“Knowing the Crow just had an inauguration, I thought I'd give folks the benefit of a week or so before I knock on their door,” she said.
The tribe has a new leader as well, Chairman Darrin Old Coyote, who was sworn in earlier this month. In the past, the tribe has expressed interest in a Crow cultural museum that could be part of a new battlefield museum. Swanke said the Montana Department of Transportation is also interested in building a rest stop in the vicinity of the battlefield, which is located near the intersection of Interstate 90 and Highway 212.
“There are a lot of moving pieces,” she said. “The Montana Department of Transportation coming to the table may change the dynamic a little bit.”
Working with a broad range of issues and constituencies is one of the Swanke’s strengths, said John Wessels, Intermountain Region director for the Park Service.
“Denice brings especially useful skills and experience to the task of outreach and community relations in managing one of our nation’s most important and cherished historic sites,” he said.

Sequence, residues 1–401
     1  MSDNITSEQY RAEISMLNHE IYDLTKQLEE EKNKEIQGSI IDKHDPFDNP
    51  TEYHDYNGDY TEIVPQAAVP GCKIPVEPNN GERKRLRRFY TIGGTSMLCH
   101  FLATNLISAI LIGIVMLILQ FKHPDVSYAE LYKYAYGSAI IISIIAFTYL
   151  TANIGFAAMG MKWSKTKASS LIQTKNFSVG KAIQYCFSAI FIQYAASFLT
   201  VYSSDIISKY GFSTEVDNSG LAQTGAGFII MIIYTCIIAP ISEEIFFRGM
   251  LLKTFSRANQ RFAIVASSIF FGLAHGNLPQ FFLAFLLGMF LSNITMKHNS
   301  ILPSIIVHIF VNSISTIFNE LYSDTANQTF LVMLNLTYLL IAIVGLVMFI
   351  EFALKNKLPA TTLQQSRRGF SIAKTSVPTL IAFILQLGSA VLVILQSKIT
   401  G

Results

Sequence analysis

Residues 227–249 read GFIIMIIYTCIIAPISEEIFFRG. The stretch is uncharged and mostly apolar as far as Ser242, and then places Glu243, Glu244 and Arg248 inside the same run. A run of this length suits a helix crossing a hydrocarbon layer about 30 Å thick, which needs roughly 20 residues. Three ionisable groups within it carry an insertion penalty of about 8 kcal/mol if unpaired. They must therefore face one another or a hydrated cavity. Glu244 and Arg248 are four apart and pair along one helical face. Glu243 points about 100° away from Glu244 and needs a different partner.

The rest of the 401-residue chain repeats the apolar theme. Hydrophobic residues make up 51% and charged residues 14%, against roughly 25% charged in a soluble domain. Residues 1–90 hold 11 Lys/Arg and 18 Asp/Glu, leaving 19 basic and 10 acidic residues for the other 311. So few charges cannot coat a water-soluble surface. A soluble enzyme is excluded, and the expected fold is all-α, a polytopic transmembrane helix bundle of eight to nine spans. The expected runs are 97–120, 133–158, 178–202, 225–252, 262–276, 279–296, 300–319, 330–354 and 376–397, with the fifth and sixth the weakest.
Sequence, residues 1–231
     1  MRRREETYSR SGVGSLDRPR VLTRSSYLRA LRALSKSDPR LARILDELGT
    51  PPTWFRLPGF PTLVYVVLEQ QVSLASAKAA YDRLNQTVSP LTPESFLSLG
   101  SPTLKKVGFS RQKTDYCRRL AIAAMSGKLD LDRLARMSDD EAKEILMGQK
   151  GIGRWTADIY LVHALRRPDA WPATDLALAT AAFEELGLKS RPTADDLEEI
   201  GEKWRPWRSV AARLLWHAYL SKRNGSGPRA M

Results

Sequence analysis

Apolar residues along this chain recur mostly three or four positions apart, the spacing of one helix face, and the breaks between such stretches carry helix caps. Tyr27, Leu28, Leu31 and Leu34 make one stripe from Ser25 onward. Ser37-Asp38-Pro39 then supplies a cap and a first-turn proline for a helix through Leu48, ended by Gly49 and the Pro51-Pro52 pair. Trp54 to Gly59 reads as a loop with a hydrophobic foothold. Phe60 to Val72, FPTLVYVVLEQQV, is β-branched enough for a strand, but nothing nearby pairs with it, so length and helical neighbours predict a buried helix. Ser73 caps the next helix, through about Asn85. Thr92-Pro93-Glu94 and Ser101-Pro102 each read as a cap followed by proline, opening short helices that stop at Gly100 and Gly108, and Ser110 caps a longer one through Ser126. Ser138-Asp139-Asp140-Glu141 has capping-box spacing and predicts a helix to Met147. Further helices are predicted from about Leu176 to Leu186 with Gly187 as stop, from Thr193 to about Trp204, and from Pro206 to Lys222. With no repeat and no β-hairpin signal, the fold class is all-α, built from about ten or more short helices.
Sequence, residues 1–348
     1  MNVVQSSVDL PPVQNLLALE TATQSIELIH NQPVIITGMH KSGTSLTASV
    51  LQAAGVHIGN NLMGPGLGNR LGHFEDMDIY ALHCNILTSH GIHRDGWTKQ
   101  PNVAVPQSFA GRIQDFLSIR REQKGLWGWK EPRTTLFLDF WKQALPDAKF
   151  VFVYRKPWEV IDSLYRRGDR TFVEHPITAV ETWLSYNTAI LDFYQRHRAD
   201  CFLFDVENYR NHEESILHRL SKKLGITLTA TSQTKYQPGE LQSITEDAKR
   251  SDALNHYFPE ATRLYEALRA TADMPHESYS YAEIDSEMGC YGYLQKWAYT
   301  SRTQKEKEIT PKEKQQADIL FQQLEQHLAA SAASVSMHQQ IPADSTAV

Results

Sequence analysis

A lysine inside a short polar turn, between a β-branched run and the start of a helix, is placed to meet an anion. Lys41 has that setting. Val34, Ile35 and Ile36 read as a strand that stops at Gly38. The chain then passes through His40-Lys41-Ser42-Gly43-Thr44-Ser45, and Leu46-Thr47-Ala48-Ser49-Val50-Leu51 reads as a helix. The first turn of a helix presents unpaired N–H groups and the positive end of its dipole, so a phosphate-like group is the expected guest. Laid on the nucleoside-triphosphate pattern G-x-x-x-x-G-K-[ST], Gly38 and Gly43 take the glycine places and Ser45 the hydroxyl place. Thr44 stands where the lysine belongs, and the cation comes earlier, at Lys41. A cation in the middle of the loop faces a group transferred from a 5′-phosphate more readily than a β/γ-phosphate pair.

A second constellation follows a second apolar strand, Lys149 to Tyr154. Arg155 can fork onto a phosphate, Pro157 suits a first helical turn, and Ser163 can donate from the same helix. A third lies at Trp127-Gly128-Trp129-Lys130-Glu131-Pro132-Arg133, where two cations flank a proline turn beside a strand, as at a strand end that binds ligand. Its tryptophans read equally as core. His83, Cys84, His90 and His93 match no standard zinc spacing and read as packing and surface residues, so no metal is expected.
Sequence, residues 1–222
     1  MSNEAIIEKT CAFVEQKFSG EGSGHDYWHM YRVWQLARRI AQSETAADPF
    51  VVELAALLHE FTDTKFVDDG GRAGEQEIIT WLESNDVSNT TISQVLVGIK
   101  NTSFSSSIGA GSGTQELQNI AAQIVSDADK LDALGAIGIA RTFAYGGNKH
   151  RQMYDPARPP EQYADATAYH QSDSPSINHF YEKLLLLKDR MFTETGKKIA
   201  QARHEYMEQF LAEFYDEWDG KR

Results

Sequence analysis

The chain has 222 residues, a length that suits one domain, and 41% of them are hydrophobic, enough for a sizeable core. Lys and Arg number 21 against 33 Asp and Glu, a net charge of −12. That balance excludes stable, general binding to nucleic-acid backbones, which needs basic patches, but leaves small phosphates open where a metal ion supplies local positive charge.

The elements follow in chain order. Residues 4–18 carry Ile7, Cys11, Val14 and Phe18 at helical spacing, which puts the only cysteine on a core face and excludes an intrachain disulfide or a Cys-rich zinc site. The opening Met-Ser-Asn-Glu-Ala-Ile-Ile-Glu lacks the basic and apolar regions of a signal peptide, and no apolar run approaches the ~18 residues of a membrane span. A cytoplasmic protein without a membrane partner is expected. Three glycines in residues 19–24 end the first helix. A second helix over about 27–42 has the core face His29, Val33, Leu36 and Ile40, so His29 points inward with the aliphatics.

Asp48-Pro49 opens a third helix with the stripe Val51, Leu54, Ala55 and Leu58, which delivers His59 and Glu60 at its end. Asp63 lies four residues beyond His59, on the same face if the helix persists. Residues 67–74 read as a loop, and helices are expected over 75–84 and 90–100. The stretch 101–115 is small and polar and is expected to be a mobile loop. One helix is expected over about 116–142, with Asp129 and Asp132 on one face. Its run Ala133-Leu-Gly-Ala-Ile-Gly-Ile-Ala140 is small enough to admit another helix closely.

Swanke said that while she had not been to Little Bighorn before accepting the job as superintendent, she was aware of the challenges that went with the position. A new museum isn’t the only item on the park’s list of needs.
“We’ve got some major issues with the water system,” she said. “The water system is barely functioning. That’s probably our second-biggest challenge.”
Water from the taps sometimes runs brown and the irrigation system in Custer National Cemetery is in precarious shape. The regional office in Denver has been supportive of efforts to fix the problem, she said. Swanke said she plans to walk the entire system with engineers from the Denver office this month.
Since taking over in mid-October, Swanke has spent a lot of time getting to know the issues and her staff of 22.
“I think it's important to build relationships, to make sure the staff is comfortable with me,” she said.
She’s also been busy establishing relationships in the community. She’s got a meeting of the Hardin Chamber of Commerce on her calendar and has contact with Building Bridges, a regional economic development group.